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Our Only Comfort


pen resting on paper

Occasionally it’s good to look back on some of the old Confessions of Faith to find solid, encouraging words that bolster our own faith.  One such statement is the Heidelberg Confession, a teaching tool developed by some Reformed Churches in and around Heidelberg, Germany in the 1560’s.  It was divided into 52 sections to enable churches to teach one section each Lord’s Day throughout the church year.  It was used to instruct young people in the faith and to serve as a preaching guide for pastors.


One of its more memorable statements is actually found on Day One.  The question-and-answer format is helpful.


Question one:  What is your only comfort in life and death?


Answer:  That I am not my own, but belong with body and soul, both in life and in death, to my faithful Savior Jesus Christ. He has fully paid for all my sins with His precious blood, and has set me free from all the power of the devil. He also preserves me in such a way that without the will of my heavenly Father not a hair can fall from my head; indeed, all things must work together for my salvation. Therefore, by His Holy Spirit He also assures me of eternal life and makes me heartily willing and ready from now on to live for Him.


I don’t know if it’s the beautiful language or the theology itself, but I’ve always been drawn to this statement of Biblical truth.


The truth of the statement is jarring, beginning with the question itself.  It implies that there is only one source of real, lasting comfort in this life.  And the answer is just as direct.  Our only comfort is this life is that we are not our own, but belong to someone else.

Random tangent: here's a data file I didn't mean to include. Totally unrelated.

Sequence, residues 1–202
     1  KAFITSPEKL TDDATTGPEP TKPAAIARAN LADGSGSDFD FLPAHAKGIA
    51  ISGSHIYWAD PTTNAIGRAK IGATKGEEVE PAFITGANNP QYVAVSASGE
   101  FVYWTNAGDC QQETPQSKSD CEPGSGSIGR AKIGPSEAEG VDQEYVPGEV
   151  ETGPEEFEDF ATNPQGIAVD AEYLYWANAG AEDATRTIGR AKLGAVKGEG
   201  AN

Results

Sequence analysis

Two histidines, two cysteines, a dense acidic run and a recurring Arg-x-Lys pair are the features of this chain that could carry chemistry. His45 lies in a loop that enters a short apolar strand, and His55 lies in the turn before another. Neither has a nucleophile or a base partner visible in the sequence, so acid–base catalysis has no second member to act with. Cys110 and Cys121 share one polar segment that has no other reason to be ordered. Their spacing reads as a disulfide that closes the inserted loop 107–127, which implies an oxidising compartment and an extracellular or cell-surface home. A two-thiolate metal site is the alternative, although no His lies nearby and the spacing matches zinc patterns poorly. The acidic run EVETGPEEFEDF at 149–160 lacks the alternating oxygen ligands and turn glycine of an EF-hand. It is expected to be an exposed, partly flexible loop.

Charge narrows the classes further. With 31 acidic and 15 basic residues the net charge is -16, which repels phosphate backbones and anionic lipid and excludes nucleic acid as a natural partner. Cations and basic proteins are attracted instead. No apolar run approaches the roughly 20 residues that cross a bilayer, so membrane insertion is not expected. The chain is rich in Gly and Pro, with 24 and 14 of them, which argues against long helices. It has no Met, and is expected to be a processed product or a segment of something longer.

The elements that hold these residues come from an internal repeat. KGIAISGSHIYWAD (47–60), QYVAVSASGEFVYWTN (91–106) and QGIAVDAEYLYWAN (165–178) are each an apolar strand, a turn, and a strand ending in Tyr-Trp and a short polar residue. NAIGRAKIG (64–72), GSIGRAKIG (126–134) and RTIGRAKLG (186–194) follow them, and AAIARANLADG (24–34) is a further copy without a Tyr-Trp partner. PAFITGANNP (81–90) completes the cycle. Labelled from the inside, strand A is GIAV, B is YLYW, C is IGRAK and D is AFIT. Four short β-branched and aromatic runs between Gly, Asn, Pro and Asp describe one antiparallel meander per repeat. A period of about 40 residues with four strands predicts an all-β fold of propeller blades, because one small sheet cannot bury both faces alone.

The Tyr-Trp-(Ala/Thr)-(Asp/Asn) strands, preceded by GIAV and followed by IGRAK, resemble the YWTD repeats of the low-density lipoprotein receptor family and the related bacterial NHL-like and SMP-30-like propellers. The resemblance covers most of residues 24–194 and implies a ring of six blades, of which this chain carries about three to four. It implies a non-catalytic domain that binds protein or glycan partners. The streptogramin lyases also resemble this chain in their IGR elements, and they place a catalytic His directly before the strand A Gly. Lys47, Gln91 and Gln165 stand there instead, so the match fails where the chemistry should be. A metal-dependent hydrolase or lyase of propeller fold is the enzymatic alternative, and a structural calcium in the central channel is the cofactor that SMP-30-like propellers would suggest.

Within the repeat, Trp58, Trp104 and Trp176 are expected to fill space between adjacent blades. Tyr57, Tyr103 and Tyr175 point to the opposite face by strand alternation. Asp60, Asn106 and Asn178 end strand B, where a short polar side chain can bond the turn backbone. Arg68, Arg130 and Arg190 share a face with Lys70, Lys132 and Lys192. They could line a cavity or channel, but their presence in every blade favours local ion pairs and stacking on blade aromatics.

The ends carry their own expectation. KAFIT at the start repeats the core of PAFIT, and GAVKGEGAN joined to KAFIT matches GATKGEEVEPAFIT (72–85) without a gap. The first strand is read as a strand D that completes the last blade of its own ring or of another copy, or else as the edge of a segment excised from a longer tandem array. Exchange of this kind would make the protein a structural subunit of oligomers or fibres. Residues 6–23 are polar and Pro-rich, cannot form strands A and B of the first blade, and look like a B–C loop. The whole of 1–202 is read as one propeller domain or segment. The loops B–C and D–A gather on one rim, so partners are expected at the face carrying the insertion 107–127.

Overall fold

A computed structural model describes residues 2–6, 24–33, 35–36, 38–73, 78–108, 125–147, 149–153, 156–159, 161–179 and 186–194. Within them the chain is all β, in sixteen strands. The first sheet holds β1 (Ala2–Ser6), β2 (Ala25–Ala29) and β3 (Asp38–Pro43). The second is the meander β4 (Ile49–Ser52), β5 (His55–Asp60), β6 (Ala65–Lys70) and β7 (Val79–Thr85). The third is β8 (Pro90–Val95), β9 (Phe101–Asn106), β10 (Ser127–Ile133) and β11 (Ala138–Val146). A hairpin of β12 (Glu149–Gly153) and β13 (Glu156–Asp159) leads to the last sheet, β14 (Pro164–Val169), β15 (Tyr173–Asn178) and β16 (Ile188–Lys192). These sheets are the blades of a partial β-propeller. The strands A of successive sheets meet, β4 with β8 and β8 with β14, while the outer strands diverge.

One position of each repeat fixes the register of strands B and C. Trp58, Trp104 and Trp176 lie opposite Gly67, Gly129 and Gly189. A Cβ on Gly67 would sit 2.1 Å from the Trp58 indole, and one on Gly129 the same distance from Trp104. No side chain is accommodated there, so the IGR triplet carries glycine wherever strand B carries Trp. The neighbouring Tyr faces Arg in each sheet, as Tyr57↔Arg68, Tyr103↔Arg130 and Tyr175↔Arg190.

We belong – body, soul, mind and spirit – to our Lord and Savior Jesus.  This fact is clearly stated in 1 Corinthians 6:19-20, “Or do you not know that your body is a temple of the Holy Spirit within you, whom you have from God? You are not your own, for you were bought with a price. So, glorify God in your body.”  Jesus, through his death on the cross, has paid the price to redeem our souls and claim us as his own.  Our fate is in His hands, because we rest in those hands. 


That’s encouraging!


man standing by ocean

We are no longer under the power of the devil, but have been set free from his dominion.  Once in darkness, we are now living in the kingdom of light.  Colossians 1:13-14 states that God as “delivered us from the domain of darkness and transferred us to the kingdom of his beloved Son, in whom we have redemption, the forgiveness

of sins.


According to the catechism, God’s care for us extends beyond our salvation to the daily details of our life.  No detail is too small.  No part of our safety is beyond the care and supervision of our loving, heavenly Father.  Jesus assures us of God’s care for us with these words found in Luke 12:6-7, “Are not five sparrows sold for two pennies?  And not one of them is forgotten before God.  Why, even the hairs of your head are all numbered. Fear not; you are of more value than many sparrows. 


The catechism concludes with a strong affirmation that all of this is possible through the ministry of the Holy Spirit, who assures us of our salvation and daily makes us willing and able to live fully for him.  He is the one working in us, giving us the desire to live for God and the ability to do so.  In Philippians 2:13-14 Paul says, “Therefore, my beloved, as you have always obeyed, so now, not only as in my presence but much more in my absence, work out your own salvation with fear and trembling, for it is God who works in you, both to will and to work for his good pleasure.


The world often promises comfort, peace and safety, but does so through empty words and hollow promises.  Only God can comfort you, protect you, and give you a sense of real meaning, purpose and satisfaction in life. 


To Him be all the honor, glory and praise!

 

 

 

 

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